string recievedData = SendATCommand(port,"AT", 300, "No phone connected");
                string command = "AT+CMGF=1" + char.ConvertFromUtf32(13);
                recievedData = SendATCommand(port,command, 300, "Failed to set message format.");

                // AT Command Syntax - http://www.smssolutions.net/tutorials/gsm/sendsmsat/
                command = "AT+CMGS=\"" + phoneNo + "\"" + char.ConvertFromUtf32(13);
                recievedData = SendATCommand(port, command, 300,
                    "Failed to accept phoneNo");

                command = message + char.ConvertFromUtf32(26);
                recievedData = SendATCommand(port, command, 3000,
                    "Failed to send message"); //3 seconds

                if (recievedData.EndsWith("\r\nOK\r\n"))
                    isSend = true;
                else if (recievedData.Contains("ERROR"))
                    isSend = false;
        
                return isSend;
            }
            catch (Exception ex)
            {
                throw ex; 
            }          
 }    

Below is the debug code snapshot, where you can see when the message is being sent to trigger an SMS, the GSM Modem replays back with the response. If everything goes well, the message will be sent and you should be able to receive the message within a second. 

SendMessage-Debug

Now it’s the time to look into how we can read SMS messages from SIM memory.  

SMS-App-ReadAll-Messages_1

Let us try to understand the AT commands for reading messages.

1)    Read all messages  - "AT+CMGL=\"ALL\""
2)    Read unread messages  -  "AT+CMGL=\"REC UNREAD\""
3)    Read store sent messages - "AT+CMGL=\"STO SENT\""
4)    Read store unsent messages - AT+CMGL=\"STO UNSENT\""

We will be sending the above mentioned AT commands to GSM Modem using serial communication. Once we receive the response, we will be parsing the same and retuning back to the caller.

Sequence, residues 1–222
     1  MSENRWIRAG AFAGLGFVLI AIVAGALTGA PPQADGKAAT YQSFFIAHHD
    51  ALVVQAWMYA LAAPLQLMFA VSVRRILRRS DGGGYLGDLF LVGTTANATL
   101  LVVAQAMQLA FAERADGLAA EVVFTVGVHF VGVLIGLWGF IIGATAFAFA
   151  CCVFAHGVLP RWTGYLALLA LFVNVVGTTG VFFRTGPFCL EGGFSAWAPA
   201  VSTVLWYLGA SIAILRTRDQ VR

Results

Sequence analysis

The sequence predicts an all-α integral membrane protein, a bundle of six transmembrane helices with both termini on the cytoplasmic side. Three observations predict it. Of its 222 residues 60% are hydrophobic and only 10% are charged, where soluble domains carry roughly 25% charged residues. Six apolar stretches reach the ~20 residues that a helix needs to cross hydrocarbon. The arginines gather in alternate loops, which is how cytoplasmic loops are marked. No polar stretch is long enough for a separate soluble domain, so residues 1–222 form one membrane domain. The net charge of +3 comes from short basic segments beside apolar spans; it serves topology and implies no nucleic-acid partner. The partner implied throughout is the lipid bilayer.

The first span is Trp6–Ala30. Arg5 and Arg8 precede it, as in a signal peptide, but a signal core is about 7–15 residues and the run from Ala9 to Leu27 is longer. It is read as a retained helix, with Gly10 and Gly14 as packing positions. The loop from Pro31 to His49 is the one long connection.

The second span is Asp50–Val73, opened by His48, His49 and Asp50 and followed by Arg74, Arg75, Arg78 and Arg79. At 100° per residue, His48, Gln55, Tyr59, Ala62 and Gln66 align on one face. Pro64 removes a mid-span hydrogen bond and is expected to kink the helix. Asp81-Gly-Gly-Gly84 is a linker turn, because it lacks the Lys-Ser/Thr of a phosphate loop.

public ShortMessageCollection ReadSMS(SerialPort port, string atCommand)
{
            // Set up the phone and read the messages
            ShortMessageCollection messages = null;
            try
            {

                #region Execute Command
                // Check connection
                SendATCommand(port,"AT", 300, "No phone connected");
                // Use message format "Text mode"
                SendATCommand(port,"AT+CMGF=1", 300, "Failed to set message format.");
                // Read the messages
                string input = SendATCommand(port, atCommand, 5000, "Failed to read the messages.");
                #endregion

                #region Parse messages
                messages = ParseMessages(input);
                #endregion

            }
            catch (Exception ex)
            {
                throw ex;
            }

            if (messages != null)
                return messages;
            else
                return null;        
}

Below is the code snippet for parsing the SMS messages. The response contains string with CMGL, we will be making use of a Regular expression to match and get the formatted SMS messages. 
Notice below, we are building a collection of short SMS messages and returning the same to the caller. 

public ShortMessageCollection ParseMessages(string input)
{
            ShortMessageCollection messages = new ShortMessageCollection();
            try
            {     
                Regex r = new Regex(@"\+CMGL: (\d+),""(.+)"",""(.+)"",(.*),""(.+)""\r\n(.+)\r\n");